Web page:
Yeah I know: typically conspiracies are the topics of fantasy and belong within the realm of literary fiction, not area studies. But in the case of Turkey, conspiracy theories, at least in recent years, have found a bit more merit than elsewhere. Thus, I present to you, the story of Ergenekon. For many of you, as it was for me until recently, the name probably means little. However, for the Turk’s that may be reading this, it represents the story/case that has been omnipresent in Turkish media for the better part of the last three years.
But first, a short history of Turkey:
The Turkish Republic was founded following World War I upon the principles of (among others) nationalism and secularism, despite possessing almost an entirely Muslim population. Obviously, some issues ensued, namely how the secularism was to be upheld by the government and to what extent religion was to present in government affairs. Consequently, the twentieth century represented a continuing struggle of balancing both Islam and secularism in the country. As with any other political struggle, there is of course a spectrum of participants in the debate. There are the ultra-secularists and the corresponding ultra-Islamists and the moderate left and right leaning groups in-between. But for all intents and purposes, Turkey still possesses a constitution that defines it as a secular nation and includes provisions to limit the influence of Islam on government affairs and within the public sphere.
Here’s where the issue arises: In November 2002, the Justice and Development Party (or by the Turkish acronym, AKP) was elected into power by a decisive vote in the Turkish general election. The AKP is also an Islamist political party. Much to the collective dismay of the secularist fringe, the AKP proved to be both an effective and pragmatic political institution. In the past, Islamist political parties had come to power, the Welfare Party of the 1990s being an example. However, the Welfare Party did not command the same level of pragmatism that the AKP would later have and pushed their Islamic agenda a little too far. Long story short, in 1997 there was a coup (described as “post-modernist” by many scholars as there was no actual take over by the military but merely the threat of one) on the part of the secular, military elite that removed Welfare from power.
The AKP of the twenty-first century took a different approach. Continuing the successful social programs of the Welfare Party while also dialing down their outward Islamic approach, the AKP commanded a high level of popularity and an effective government. Their platform has been shaped by the recent surge on the part of the Turkish Republic to gain entry into the European Union, and many citizens have backed them in this approach.
Despite the AKP’s popularity and pragmatic approach, there is still a significant contingent of the population that wishes to see such a party with Islamist roots removed from power. As shown above in the case of the coup that brought down the Welfare Party, this secularist segment of society has also traditionally held the majority in the military, namely at its most elite levels. I’m pretty sure you can see where I’m going with this.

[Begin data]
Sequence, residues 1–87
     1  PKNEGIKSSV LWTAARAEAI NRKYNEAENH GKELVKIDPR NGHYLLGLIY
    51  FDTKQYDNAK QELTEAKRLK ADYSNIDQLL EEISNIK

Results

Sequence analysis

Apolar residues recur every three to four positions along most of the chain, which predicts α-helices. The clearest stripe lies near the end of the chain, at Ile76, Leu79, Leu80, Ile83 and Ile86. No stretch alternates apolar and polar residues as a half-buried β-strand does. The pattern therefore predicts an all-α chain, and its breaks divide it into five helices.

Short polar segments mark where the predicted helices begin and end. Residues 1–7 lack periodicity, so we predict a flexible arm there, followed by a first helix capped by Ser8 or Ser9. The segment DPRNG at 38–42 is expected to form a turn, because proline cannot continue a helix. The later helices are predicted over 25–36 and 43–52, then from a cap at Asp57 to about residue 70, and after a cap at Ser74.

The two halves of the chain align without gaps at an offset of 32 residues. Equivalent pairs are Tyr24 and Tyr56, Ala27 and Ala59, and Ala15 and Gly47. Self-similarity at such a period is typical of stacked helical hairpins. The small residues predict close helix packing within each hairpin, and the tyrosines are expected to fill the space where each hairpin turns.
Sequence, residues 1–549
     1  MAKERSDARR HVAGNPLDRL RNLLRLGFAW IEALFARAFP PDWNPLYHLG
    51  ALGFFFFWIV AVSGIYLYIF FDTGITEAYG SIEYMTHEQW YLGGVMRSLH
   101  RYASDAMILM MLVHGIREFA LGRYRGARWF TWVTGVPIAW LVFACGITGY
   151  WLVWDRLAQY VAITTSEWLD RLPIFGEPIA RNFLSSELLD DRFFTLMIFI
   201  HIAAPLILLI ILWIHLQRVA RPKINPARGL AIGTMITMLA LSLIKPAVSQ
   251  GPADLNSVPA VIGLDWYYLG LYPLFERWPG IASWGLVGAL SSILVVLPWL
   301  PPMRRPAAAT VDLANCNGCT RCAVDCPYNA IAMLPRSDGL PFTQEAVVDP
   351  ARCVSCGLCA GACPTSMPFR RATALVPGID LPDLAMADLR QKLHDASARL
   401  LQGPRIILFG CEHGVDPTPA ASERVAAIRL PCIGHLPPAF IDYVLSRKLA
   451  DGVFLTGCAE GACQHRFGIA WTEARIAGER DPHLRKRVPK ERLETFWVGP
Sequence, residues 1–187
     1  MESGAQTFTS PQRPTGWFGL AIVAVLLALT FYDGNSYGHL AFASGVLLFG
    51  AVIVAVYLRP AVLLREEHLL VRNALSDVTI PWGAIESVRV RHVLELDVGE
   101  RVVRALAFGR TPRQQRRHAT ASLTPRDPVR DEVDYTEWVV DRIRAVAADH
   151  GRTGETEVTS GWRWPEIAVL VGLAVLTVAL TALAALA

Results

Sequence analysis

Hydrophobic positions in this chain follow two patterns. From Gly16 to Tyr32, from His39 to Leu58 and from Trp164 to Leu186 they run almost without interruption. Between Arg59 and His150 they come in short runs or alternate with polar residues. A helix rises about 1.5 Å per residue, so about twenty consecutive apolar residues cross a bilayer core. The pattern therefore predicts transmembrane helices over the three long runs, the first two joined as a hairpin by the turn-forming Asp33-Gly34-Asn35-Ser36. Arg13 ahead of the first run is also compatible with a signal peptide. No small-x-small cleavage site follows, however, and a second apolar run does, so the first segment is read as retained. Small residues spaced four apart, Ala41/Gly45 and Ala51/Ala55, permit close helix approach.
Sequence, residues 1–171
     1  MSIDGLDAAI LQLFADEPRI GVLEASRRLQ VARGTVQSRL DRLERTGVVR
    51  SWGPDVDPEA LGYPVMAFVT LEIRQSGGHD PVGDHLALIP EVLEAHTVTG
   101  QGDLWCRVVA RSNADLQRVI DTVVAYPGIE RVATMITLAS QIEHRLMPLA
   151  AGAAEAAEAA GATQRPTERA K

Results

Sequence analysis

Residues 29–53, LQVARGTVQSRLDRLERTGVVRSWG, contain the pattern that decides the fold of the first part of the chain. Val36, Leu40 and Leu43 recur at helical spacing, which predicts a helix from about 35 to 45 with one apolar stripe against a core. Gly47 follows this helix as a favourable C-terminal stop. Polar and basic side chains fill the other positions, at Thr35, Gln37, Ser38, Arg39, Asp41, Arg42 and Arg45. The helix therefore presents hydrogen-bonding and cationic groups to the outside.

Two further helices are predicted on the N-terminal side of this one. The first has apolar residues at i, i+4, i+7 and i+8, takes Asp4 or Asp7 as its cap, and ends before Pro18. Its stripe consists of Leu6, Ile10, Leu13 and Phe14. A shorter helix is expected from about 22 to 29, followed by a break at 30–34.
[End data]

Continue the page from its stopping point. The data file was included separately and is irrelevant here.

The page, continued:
The word “Ergenekon” is a reference to a legend about the genesis of the Turkish people and is the suspected name of a criminal organization within Turkey that has slowly but surely been linked to members of the government at the highest levels. According to the formal indictment that was brought against the members of the group, its intention was to bring about as much chaos as possible in Turkey in order to justify yet another military coup (there have already been four since 1923). The investigation and its consequent trial have been referred to as the case of the century, having exposed a shady and somewhat disturbing conspiracy to control and shape the progression of a government and society that has tried several times to prove to the world its commitment to democracy.
For example, the original indictment that was brought against the organization by the government in the summer of 2008 outlined a number of different plots that had a number of high profile targets in mind. These featured both the current Prime Minister of the AKP, Recep Tayyip Erdogan, and the world-renowned novelist and Pulitzer Prize winner, Orhan Pamuk. In addition, murders that had already been committed and the bombing of a newspaper were included in the charges. The campaign of destabilization had raged throughout the first decade of the twenty-first century and, despite the open investigation, is believed to continue until the present day.
Just this past week, another indictment was submitted to a Turkish High Criminal Court implicating 3rd Army Commander Gen. Saldıray Berk and 12 other suspects in a plot to frame the police force in the city of Erzincan. Weaponry had been planted near a dam in the city as a means of discrediting the police department and raising suspicions of its actions. What would this accomplish, you ask? Well, the Erzincan Police Department has been aiding prosecutors in the Ergenekon investigation. Furthermore, Erzincan possesses a diverse group of peoples, featuring Sunnis, Alevis, Kurds, and the plotters believed that fragmentation of public opinion made it more susceptible to manipulation. Despite the failure of many of the efforts of Ergenekon, the plots as exposed in the indictments cited above, if they are in fact completely true, are a bit frightening in their precision and calculation. One can only hope that conspiracies like this one can be uncovered and stopped before they can succeed, not merely for the lives that are immediately at risk, but also for the threat it poses to the democracy of the Turkish people generally.